This is part 3 in a series that recognizes April as Child Abuse Prevention Month.
In my work as a child abuse prevention educator, I found many parents and caregivers had no idea that depending on the state in which you live there were laws, guidelines, or no guidelines at all about leaving children home alone, home with other children, or even overnight by themselves. The three states that do have laws (Illinois, 14 years old; Maryland, 8 years old; and Oregon, 10 years old) even run a wide age range.
In states where there are/are not guidelines (keep in mind that in California there are no guidelines), you could experience a visit from Child Protective Services if someone were to call them, concerned that your child was too young to be left home alone. They could find that you were neglecting your child due to inadequate supervision. It doesn’t mean they would take your child from you, but they may require you to attend parenting classes, create a safety plan, or some other intervention.
In order to best protect your child and make sure that they are ready to be left home alone, consider the following:
Is my child ready?
Age is just a number. Are they mature enough to handle and abide by the rules you establish? It’s important to ask them, too. You may think they are ready, but they may be anxious with the thought of being left home alone.
In case of an emergency.
Does your child know their address? Cross streets? Do they know your phone number? What if they can’t get a hold of you—do they have a backup number to call? What about a neighbor—is there someone they feel safe going to that lives close by?
Make sure that your family has an escape plan in place and that it has been practiced. In case of a fire, earthquake, or other natural disaster your child needs to know what to do and how to stay safe. You should have a family meeting place for some of these emergencies and that would be your first place to look when you get back home.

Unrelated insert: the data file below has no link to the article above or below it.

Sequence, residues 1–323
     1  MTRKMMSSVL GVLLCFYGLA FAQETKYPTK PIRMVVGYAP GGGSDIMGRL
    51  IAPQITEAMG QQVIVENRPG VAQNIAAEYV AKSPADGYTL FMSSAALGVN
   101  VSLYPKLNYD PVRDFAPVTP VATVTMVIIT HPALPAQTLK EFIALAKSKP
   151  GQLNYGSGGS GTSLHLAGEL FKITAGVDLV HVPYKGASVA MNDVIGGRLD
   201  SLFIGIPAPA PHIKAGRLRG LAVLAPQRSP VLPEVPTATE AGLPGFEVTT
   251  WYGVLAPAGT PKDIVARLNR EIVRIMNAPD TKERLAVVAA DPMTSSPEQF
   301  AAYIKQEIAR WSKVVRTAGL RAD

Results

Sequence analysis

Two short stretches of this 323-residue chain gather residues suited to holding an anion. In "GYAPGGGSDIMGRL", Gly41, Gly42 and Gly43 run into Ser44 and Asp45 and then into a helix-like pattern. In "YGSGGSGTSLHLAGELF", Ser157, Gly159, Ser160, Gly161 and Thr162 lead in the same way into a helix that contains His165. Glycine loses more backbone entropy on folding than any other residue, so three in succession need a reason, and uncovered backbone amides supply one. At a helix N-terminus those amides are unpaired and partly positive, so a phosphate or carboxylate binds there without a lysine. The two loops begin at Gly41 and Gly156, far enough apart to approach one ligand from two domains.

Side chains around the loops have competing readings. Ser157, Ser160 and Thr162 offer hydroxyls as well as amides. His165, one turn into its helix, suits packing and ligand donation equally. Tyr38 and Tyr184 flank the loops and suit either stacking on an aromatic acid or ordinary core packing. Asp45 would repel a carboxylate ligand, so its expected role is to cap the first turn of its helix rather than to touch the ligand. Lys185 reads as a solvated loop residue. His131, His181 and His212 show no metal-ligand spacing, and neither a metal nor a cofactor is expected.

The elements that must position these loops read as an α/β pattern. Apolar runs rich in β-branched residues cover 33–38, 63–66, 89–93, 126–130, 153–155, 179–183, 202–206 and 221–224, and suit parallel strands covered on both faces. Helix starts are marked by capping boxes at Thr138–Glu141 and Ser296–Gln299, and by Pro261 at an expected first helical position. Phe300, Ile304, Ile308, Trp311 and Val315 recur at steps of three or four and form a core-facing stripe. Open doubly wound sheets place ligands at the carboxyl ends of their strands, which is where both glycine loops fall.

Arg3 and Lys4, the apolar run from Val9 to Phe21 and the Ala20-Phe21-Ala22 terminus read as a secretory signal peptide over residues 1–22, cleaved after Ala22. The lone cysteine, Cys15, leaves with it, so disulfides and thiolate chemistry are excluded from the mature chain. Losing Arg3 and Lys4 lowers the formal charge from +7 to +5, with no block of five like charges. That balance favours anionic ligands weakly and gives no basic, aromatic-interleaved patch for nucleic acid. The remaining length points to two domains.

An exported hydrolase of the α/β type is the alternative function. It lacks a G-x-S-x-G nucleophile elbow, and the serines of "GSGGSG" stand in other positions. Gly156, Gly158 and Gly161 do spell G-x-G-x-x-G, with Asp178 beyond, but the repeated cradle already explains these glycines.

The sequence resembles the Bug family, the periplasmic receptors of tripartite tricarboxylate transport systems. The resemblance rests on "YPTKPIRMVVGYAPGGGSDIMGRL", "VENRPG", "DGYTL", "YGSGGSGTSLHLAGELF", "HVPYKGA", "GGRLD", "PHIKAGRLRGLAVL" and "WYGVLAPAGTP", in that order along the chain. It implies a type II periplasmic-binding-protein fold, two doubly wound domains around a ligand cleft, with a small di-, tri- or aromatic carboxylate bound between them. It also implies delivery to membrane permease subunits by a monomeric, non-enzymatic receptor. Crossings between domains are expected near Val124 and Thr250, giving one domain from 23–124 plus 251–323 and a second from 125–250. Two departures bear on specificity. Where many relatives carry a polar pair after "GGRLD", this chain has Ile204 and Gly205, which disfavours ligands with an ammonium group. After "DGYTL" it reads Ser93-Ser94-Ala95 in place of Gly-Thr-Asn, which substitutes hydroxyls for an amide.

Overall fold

What are the ground rules?
Are they competent in the kitchen, or should you keep it limited to the microwave while you are out? Answer the door or just let someone knock? Friends can come over or should stay away? And always remind your child not to tell anyone they are home alone.
What about younger siblings? Babysitting gigs?
Taking care of younger siblings or having a babysitting job adds a whole other level of consideration. Your child needs to be able to demonstrate even more responsibility in these instances. Consider enrolling them in babysitter bootcamp or first aid/CPR class to take some of the worry out of the situation.
When you and your child feel that you are ready, do a trial run. Simply go to the grocery store and leave them home alone to get the feel of it. Eventually, increase the time you are away and vary the circumstances (during the day, at night, weekend, during mealtime). And be sure to call in and check on them. Being able to leave your child home alone and not hire a babysitter is a milestone for you and your child. Just think of it—you can have date nights again!
Find more resources at https://www.childwelfare.gov/pubpdfs/homealone.pdf